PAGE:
Shakespeare writes so many love stories that I wish I could believe. The flowery language gets me every time until I find myself wondering what in the world makes two people who barely know each other fall in love.The most poignant type of love I have found in Shakespeare’s plays is not between a man and a woman, but rather an Antonio and a freeloader.
We discussed repetition of names Shakespeare uses, and I’ve found that there are characters named Antonio in four different plays. The ones I’m concerned with are in The Merchant of Venice and Twelfth Night. Though one Antonio is a title character and the other plays a much smaller role, I believe these two have much more in common than just their name.
The name Antonio means “priceless” and “of inestimable worth.” It is no coincidence that both characters are willing to offer everything they have in order to help a friend in need, even if that friend does not give anything in return. In Twelfth Night, Antonio offers his money to Sebastian so that he can pick up necessities in town. The merchant lends Bassanio more money at no interest, even though Bassanio is already in major debt to him. They love purely and unselfishly, expecting nothing in return, and this is reflected in how they handle their finances. Antonio offers to Bassanio, “my purse, my person.” His wealth is everything he has, and Bassanio squanders it. I’m intrigued to see how this plays out, because the fact that a character like Antonio could exist already makes my heart hurt. Can this type of altruistic love be real, whether romantic or in friendship? Though it is the most painful type of love to consider, it is also the most believable.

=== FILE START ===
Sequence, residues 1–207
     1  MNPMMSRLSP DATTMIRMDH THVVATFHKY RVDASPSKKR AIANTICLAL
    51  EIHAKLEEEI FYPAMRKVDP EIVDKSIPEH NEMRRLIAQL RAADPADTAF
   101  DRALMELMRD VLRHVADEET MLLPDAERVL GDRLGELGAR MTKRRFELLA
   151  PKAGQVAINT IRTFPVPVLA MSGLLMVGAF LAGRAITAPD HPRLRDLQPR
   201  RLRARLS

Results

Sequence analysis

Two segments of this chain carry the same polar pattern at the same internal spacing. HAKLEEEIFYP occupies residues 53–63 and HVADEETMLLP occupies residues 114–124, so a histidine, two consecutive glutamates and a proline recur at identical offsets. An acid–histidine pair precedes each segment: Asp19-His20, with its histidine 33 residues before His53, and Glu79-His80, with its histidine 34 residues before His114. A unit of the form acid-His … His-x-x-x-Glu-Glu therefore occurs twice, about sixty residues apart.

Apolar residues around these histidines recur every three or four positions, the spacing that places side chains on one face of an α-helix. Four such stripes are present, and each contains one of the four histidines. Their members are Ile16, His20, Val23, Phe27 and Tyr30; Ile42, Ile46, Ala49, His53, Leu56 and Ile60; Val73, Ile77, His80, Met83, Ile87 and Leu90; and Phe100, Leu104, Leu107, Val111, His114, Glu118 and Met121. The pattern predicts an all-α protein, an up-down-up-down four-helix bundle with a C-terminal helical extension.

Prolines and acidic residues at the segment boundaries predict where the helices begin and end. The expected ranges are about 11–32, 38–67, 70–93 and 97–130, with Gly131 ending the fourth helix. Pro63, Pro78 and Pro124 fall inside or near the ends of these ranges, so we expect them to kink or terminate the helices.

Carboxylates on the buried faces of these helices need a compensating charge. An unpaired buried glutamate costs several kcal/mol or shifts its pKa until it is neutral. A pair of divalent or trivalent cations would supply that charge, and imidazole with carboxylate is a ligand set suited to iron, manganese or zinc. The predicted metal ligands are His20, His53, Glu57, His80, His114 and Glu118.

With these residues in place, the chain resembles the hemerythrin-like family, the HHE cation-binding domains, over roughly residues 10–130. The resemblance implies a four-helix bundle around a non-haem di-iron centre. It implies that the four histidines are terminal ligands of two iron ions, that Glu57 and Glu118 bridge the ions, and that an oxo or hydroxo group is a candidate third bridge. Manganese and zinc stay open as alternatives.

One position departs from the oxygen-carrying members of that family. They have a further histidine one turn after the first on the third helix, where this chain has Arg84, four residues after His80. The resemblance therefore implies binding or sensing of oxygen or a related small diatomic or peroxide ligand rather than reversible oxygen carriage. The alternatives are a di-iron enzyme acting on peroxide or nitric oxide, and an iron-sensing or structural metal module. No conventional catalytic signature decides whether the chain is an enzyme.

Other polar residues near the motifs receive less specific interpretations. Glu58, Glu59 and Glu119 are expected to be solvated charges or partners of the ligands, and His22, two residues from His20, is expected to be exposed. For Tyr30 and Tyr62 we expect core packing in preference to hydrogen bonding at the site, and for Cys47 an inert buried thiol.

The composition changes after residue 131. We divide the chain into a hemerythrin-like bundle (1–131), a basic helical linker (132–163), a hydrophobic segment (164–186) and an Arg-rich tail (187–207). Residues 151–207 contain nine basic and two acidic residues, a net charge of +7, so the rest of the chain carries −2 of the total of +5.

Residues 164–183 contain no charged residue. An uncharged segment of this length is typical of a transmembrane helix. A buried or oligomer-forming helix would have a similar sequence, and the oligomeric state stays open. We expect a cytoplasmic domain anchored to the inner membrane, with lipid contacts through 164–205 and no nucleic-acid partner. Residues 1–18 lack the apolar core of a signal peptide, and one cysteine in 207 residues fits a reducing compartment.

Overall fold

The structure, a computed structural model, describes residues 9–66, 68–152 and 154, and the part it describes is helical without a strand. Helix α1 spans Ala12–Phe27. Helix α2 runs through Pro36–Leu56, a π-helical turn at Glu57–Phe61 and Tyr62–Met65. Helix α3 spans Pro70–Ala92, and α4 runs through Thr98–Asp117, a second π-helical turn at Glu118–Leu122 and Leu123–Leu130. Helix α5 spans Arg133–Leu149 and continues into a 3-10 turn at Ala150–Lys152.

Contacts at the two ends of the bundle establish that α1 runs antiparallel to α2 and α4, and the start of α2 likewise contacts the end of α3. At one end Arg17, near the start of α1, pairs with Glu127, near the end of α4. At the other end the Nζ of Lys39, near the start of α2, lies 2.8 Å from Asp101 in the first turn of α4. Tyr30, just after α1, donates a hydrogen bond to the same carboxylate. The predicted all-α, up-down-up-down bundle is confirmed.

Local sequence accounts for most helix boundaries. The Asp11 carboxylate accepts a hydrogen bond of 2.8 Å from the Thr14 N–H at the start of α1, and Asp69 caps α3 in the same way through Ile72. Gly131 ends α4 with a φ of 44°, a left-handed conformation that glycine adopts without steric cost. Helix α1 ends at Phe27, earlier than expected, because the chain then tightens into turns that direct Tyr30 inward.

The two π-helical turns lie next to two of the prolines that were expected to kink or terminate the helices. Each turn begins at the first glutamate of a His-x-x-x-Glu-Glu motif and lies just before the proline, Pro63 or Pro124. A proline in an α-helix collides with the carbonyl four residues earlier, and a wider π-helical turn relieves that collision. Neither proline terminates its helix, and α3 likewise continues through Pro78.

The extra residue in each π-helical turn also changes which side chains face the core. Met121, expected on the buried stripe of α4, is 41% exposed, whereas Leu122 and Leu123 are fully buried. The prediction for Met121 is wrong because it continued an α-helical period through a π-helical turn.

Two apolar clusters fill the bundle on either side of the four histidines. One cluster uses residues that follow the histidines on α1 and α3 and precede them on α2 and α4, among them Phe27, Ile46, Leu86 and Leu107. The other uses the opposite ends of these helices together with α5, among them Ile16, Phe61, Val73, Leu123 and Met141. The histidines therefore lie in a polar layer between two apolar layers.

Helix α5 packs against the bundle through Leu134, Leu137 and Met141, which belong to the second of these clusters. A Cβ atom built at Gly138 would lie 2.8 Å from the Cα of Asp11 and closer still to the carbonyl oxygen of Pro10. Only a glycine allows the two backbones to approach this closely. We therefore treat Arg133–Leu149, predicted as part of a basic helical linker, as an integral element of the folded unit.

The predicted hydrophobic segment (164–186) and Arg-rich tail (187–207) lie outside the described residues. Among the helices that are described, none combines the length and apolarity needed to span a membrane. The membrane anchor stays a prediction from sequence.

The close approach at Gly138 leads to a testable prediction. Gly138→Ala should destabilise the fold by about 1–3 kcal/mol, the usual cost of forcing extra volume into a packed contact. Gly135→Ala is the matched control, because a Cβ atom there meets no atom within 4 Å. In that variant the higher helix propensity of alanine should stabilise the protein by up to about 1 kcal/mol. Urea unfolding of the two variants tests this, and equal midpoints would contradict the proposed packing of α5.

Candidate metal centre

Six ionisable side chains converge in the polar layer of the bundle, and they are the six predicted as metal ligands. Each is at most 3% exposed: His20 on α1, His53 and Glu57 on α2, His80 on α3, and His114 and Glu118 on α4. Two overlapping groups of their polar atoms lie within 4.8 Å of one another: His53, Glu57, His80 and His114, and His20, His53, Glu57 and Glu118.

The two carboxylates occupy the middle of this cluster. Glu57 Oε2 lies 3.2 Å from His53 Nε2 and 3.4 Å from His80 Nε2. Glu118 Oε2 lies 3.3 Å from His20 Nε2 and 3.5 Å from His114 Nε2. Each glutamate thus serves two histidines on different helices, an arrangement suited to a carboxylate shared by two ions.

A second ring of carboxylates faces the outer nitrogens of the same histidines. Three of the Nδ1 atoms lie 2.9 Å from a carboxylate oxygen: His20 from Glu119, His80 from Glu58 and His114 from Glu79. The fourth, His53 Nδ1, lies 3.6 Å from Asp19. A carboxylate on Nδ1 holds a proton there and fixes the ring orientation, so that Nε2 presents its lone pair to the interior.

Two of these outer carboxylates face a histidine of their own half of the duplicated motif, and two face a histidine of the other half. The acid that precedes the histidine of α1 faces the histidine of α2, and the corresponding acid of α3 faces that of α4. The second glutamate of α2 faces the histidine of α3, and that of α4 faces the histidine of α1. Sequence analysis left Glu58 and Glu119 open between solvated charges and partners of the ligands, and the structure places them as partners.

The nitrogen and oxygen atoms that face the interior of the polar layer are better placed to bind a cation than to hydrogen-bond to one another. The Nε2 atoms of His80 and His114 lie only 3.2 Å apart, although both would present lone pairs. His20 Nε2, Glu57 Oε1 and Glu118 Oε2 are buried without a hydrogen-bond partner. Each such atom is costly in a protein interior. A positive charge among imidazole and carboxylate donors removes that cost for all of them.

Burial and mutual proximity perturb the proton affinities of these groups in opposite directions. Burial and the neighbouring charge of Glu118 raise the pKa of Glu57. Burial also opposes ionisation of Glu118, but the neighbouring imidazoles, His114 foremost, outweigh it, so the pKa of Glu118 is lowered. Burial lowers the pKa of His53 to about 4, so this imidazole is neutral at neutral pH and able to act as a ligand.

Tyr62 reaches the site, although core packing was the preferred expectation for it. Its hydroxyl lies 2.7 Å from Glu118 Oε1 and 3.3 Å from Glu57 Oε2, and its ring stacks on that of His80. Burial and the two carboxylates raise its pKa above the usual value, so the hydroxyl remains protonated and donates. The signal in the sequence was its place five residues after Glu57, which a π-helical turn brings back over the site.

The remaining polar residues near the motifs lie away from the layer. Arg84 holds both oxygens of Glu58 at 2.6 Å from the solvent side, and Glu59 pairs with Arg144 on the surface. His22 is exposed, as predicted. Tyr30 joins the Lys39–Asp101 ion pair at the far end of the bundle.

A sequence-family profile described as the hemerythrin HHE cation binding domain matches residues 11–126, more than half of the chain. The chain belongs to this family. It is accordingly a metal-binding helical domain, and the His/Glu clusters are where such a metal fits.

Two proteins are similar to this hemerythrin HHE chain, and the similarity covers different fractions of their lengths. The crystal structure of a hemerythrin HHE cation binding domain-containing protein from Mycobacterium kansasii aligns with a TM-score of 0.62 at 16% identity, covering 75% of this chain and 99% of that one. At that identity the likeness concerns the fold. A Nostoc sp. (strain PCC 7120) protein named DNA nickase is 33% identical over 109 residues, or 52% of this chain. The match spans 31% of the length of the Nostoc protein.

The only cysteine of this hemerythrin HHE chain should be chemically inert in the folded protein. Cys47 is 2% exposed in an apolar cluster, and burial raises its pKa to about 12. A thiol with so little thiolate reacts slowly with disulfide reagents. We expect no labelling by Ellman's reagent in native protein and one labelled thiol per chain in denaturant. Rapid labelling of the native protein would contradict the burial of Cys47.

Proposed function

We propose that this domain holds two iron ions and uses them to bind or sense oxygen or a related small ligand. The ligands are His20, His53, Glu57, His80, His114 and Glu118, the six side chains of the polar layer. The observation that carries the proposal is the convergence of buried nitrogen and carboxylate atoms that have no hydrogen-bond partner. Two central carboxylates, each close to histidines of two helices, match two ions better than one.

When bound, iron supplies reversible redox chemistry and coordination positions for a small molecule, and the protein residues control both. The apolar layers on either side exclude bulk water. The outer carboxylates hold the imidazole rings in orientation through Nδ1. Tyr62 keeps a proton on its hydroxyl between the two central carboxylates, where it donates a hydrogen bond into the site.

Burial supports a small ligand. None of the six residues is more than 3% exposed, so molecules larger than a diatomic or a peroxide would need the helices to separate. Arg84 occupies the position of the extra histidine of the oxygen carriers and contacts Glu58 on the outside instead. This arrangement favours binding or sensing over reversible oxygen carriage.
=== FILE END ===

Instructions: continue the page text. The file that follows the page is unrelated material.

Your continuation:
When other Shakespearean couples display love, it seems to be for shallow reasons. With the Antonios, their value is based on their wealth. Their money is their personage, and we can get a sense of the strength of their affections by how much they are willing to risk. This type of homosocial bonding we spoke of at the start of our studies resonates more with me than any other type of character relationships we’ve read.